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Writer: Frank J. Barbiere
Artist: Victor Santos
Design: Dylan Todd

Incredible visuals are a saving grace of “Violent Love” but the mundane script and plot damn it to being a mediocre western, crime drama.

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Violent Love #1

Written by Frank J. Barbiere, “Violent Love” #1 begins to tell the story of Rock Bradley and Daisy Jane; two, hopelessly in love, gun-slinging robbers in Texas. Through the eyes and narration from a former lawman, Mr. Lou, this first issue focuses on Daisy and her backstory in all its banal glory. She’s a nineteen year old, not a girl but not yet a woman, working a dead-end job with no future prospects. Cue the kindhearted father working to make ends meet, encouraging her to do great things, falling in with the wrong crowd to make her money, and blah blah blah a comic book happens.

A predictable plot isn’t a death sentence for a comic book. In fact, you can easily argue that the entire comic book industry was built off of one-note characters reacting to a standard mix of troubled childhoods, suffocating social environments, clichéd villains, and dead parents but the onus then falls on the script. The script has to elevate the story but Barbiere, sadly, doesn’t rise up to that challenge. That’s not to say there’s anything actively wrong with the script. It’s perfectly adept and gets the job done but that’s all it does. The characters act in the way you expect them to, the villains say exactly what you’d expect them to say, and there is exactly one verse of dialogue worth remembering in all 40 pages of this double issue. The script just doesn’t live up to the standard set by the other offerings from Image.

Victor Santos’ art, however, outright saves the book. In no uncertain terms, this book would be completely unremarkable if it wasn’t for the artwork. Santos pencils, inks, and colors each character and panel and through his effort gifts us dynamically emotive characters, engrossing set pieces of Southwestern Texas, and scenes of violence and torture towards the latter half of the book that will haunt you. Special mention goes to the color shading. Daisy’s scenes at her hopeless job are tinged with a murky yellows and oranges, her days at college in contrast are drawn with the vibrant greens and pinks of optimism, and the inevitable violence and death that propel her and the story forward are drawn with foreboding reds that convey her dread. With his art, Santos is able to convey all the emotion and personality of the characters that the script couldn’t. Again, you know this room, you’ve walked this floor but Santos gives you something Barbiere couldn’t. Santos gives you something to remember.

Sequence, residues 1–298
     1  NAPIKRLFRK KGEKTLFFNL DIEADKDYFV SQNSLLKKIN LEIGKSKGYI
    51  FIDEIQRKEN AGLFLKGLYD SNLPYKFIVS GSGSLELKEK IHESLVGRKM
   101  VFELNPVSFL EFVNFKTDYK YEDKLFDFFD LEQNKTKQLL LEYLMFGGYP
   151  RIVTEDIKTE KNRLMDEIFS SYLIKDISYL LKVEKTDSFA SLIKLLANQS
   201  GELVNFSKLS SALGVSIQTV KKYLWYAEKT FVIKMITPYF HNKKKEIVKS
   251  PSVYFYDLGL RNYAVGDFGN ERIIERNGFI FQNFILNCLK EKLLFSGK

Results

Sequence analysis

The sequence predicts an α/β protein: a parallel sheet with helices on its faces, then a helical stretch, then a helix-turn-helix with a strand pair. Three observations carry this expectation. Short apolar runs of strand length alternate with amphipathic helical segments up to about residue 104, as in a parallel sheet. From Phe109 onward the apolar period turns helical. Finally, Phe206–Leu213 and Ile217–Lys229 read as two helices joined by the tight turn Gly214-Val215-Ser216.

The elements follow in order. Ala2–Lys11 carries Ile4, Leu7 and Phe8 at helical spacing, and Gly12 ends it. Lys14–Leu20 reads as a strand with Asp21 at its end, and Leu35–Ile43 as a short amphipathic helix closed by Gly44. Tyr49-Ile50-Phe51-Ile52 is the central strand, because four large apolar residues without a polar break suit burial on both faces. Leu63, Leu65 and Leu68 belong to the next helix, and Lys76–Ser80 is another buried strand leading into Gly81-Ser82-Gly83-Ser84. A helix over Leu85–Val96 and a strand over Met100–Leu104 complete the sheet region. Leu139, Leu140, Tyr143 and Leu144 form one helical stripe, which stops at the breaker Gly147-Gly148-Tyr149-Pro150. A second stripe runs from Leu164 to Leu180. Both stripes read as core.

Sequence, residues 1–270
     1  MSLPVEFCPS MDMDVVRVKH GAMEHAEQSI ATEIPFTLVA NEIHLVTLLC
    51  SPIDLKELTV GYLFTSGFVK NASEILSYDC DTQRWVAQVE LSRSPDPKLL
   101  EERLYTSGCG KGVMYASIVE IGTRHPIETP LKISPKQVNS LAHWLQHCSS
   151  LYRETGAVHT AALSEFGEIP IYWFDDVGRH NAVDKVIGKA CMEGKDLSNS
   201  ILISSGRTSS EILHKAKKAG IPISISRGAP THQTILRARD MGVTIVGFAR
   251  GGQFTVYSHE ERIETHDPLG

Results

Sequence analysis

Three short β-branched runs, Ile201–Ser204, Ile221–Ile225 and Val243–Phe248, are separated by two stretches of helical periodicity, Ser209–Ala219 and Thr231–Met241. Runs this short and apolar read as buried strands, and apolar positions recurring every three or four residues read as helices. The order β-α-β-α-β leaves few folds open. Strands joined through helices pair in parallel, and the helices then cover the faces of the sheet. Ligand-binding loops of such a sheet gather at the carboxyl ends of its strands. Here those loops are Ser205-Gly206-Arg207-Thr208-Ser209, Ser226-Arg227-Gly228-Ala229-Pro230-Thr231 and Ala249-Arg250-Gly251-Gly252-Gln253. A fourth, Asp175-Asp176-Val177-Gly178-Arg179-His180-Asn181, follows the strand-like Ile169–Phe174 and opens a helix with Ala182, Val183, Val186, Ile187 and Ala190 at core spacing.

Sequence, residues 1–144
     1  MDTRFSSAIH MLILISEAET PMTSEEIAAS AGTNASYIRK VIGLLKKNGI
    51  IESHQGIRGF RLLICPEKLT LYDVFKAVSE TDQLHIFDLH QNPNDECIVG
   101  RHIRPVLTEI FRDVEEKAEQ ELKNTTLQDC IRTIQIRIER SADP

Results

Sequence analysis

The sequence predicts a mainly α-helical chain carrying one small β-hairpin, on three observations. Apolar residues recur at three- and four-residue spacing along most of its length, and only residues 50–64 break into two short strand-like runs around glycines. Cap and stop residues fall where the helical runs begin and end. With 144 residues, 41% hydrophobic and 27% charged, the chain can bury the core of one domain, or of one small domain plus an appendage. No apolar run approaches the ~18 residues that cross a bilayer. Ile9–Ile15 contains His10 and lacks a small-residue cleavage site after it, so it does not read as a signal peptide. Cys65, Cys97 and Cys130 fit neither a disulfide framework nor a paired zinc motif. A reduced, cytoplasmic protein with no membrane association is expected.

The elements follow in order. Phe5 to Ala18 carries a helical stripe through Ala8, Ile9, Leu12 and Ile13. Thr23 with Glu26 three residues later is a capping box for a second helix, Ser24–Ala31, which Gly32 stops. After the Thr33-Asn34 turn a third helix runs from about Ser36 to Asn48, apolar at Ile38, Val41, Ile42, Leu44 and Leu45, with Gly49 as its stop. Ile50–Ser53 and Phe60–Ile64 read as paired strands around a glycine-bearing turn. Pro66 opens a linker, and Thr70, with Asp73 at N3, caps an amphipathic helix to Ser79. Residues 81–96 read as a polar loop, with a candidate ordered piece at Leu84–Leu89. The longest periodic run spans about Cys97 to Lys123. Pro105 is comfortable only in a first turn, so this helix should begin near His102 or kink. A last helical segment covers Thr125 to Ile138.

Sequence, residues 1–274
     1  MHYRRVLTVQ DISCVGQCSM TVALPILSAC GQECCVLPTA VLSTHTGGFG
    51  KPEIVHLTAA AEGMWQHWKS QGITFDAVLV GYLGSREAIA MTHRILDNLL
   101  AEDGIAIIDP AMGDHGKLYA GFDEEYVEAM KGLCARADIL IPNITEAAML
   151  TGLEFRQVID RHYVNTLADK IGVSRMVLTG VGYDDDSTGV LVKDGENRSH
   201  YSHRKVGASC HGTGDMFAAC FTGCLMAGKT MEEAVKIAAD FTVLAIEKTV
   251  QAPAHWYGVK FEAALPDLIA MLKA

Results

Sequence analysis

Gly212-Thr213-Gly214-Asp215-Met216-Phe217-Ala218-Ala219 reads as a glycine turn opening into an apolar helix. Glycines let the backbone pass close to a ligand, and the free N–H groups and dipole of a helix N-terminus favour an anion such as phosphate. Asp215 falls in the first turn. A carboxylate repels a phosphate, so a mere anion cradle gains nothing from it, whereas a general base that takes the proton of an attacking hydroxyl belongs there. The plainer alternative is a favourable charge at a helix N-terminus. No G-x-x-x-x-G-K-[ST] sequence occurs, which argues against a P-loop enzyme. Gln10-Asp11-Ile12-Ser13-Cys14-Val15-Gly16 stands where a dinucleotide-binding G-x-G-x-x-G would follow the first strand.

Verdict: Violent Love is really a Violent Like at best.

You can possibly fall in like with this book but you’ll never fall in love with it. It’s a familiar story with a flat, predictable script and hackneyed characters. The art raises the book past mediocrity and all merits and compliments lie with the stunning visuals of the characters and set-pieces that inject all the personality and drama into the story that the script should have done. Honestly, the best pages are the ones with little to no dialogue and the book would be much better if the next issue only featured the art. The trade will come out in a few months and you’ll most likely be able to get it for under $10. That’s an ok price for the art alone, but there’s no reason to follow this book month-to-month.

 

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